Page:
Conjectures on the Origins of the Wheatons & Bowens of Rehoboth
Massachusetts & their likely Baptist Roots
Robert Wheaton and his wife Alice Bowen’s origins may be shrouded in history, but that does not prevent us from coming to some reasoned conclusions about them. Both Robert and Alice suffer from oft repeated errors as to their true origins. The earliest genealogies to describe Robert in detail claim that he came from Swansea, Wales in 1636. In James Savage’s 1862 ‘A Genealogical Dictionary of New England’ he writes “A tradition that the first of this name in our country was of Rehoboth, and came from Swansea in Wales...may have nearer resemblance to truth than is always found in such elements of history,” or as we will see maybe not. The same Dictionary gives us the birthplace of one Griffith Bowen as Llangenydd (Llangenyth), Glamorgan, but no birthplace for our Alice or her father Richard Bowen of Rehoboth. Llangenydd is about 6 miles northeast of Oxwich and about 8 miles from Ilston.
The Gower Peninsula of Glamorgan Wales
Note the locations of Swansea, Ilston, Llangenydd and Oxwich
The greatest confabulation is probably that of William G. Hill in his otherwise helpful ‘Family Record of Deacons James W. Converse and Elisha S. Converse’ which includes a lengthy section on “Robert Wheaton and Some of His Descendants.” Hill writes “That Robert Wheaton came from the pure, unmixed, native Welsh or rather Cumry race, which was of Tartaric origin; which race, though driven to the mountain fastness of Wales by Angles, Saxons, and Normans, was never subjugated.”
In 1975 I wrote to a Welsh historian at the Royal Institute of South Wales in Swansea, Mr. Michael Gibbs, regarding Robert Wheaton’s purported origins in Swansea. I was informed that there was no record of anyone named Wheaton in the Swansea area between 1583 and 1851 and that Wheaton was not a Welsh name and most likely was of English origin. He surmised that Robert may have had trade with the Swansea area before embarking for America. As it turns out it was probably his wife Alice Bowen who was (likely) born at Kittle Hill near Swansea, who was the ancestor from Wales. Alice was the daughter of Richard Bowen of Wales and Rehoboth. This gives credence to the idea that family myths are often rooted in fact although the facts become misplaced in succeeding generations.
Unlike the surname Wheaton, Bowen is decidedly Welsh and the claims of Mr. Hill could certainly be applied to the Bowens. Richard and Alice Bowens’ precise origins in Wales as yet remain unproven. Two competing claims one that Richard was the son of James Bowen of Pembroke, Wales and the other that he is the son of the Thomas of the Courthouse Bowens (near Ilston) of Glamorgan. The water is further muddied by the arrival in New England of the previously mentioned Griffith Bowen about the same year as Richard. Griffith Bowen was a Slade Bowen which is an area southwest of Oxwich, Glamorgan. For reasons that will become evident later I tend to think that Richard was a Courthouse Bowen although there is nothing but circumstantial evidence and the claim that he is the son of Thomas of Courthouse seems tentative at best.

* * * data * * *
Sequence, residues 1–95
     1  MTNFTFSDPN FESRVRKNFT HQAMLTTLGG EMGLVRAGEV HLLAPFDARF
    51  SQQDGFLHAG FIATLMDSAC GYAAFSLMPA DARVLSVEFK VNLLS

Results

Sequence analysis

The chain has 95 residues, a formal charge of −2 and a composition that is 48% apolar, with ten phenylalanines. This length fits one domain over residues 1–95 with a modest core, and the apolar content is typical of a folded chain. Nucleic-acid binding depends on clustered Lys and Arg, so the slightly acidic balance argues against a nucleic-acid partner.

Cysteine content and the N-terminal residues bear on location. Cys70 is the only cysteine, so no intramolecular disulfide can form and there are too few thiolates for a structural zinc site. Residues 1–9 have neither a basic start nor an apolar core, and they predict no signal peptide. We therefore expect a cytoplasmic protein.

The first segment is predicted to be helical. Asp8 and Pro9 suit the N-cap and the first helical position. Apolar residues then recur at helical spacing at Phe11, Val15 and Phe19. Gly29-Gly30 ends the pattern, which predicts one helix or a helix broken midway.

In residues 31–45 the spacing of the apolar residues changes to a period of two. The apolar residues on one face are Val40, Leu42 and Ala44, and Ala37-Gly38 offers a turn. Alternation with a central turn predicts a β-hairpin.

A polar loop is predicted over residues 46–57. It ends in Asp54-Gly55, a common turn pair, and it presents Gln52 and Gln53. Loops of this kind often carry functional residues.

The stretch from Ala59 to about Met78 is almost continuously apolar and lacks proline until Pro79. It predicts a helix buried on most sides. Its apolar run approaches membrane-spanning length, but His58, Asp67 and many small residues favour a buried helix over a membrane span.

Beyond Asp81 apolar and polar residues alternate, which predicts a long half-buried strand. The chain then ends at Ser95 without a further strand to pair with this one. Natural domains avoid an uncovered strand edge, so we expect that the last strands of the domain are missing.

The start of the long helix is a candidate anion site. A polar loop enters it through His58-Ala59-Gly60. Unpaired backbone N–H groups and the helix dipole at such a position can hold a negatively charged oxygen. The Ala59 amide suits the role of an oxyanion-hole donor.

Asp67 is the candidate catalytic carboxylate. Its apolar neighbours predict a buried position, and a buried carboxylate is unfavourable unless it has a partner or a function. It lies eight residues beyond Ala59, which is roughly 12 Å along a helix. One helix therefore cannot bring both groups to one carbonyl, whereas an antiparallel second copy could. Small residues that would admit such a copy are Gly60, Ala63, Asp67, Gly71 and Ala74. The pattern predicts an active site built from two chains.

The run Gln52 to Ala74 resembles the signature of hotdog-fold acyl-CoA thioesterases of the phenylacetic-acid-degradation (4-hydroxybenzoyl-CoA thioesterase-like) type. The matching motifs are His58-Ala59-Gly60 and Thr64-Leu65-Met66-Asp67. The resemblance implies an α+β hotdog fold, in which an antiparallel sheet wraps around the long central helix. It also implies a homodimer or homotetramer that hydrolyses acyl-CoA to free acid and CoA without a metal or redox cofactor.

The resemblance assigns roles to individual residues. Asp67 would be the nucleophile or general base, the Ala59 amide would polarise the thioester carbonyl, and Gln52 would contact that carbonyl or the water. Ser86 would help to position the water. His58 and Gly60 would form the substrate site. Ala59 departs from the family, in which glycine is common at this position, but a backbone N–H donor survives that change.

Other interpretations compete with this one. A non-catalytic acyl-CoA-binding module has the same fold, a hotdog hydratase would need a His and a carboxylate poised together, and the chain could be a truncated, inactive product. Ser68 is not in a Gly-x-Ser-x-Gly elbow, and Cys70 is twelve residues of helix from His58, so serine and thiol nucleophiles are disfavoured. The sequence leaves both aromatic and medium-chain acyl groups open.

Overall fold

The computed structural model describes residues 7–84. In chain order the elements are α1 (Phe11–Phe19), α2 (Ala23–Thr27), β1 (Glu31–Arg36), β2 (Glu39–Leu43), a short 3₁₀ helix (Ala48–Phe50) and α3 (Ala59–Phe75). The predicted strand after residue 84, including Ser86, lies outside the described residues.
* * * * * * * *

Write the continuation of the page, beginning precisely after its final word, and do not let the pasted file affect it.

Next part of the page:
The Bowens of Courthouse and the Bowens of Slade are both located on the Gower peninsula in Glamorgan County, Wales not far from Swansea. Swansea is the English name for the town the Welsh call Abertawe. The distance from the tip of Gower to the neck at Swansea is about 16 miles. The width at the neck is about five miles. The Gower peninsula has only about 70 square miles and other than Swansea has a sparse population even today. References to being “of” or “from” Swansea seem to associate immigrants with the largest town in the area from which they migrated rather than the actual village of their residence. This is true or the Rev. John Myles who arrived in America “from Swansea, Wales” in 1663 and of his countryman Richard Bowen who arrived “from Swansea” some twenty-five years earlier in 1638.
Image produced from the Ordnance Survey Get-a-map service. Image reproduced with kind permission of Ordnance Survey and Ordnance Survey of Northern Ireland.
Map of Oxwich, Gower, Glamorgan, Wales Showing location of Slade
At the time of my original research in the early 1970’s there was no indication of where in England the Wheatons may have come from. The San Francisco Public Library had an extensive collection of Probate Indexes for the Counties of England so I began looking for Wheatons county by county, book by book. I looked through hundreds of volumes and found no Wheatons. Not a single one! Finally in Devon I found listings for 35 Wheaton probates between 1546 and 1787. In nearby Somerset there were some Wheadon and Wheddons, but there were no further Wheatons. I took this as a good indication of Robert’s origins.
Then in October of 1976 the LDS Library published their first International Genealogical Index (IGI) from which I photocopied over 20 pages of Wheaton vital records in Devon. An update in 1981 yielded even more Wheatons as more parish registers were added to the IGI. I spent many hours sorting them by parish and trying to piece families together. Also in 1976 my brother was studying at the University of Reading in England and I asked him to photocopy me any Wheatons in the Exeter phone directory. There were 38 entries for Wheatons! I wrote to three and they all ended up in the hands of John Wheaton the retired president of Wheaton Printing and Publishing Company in Exeter. He was working on a history of the company and his branch of the Wheaton family and he was most helpful in stitching together the earliest records for Wheatons. I was able to come up with material that he did not have access to and visa versa. We corresponded for several years. I wrote several short articles that I would occasionally share with other researchers on the origins of the Wheatons based on our shared research.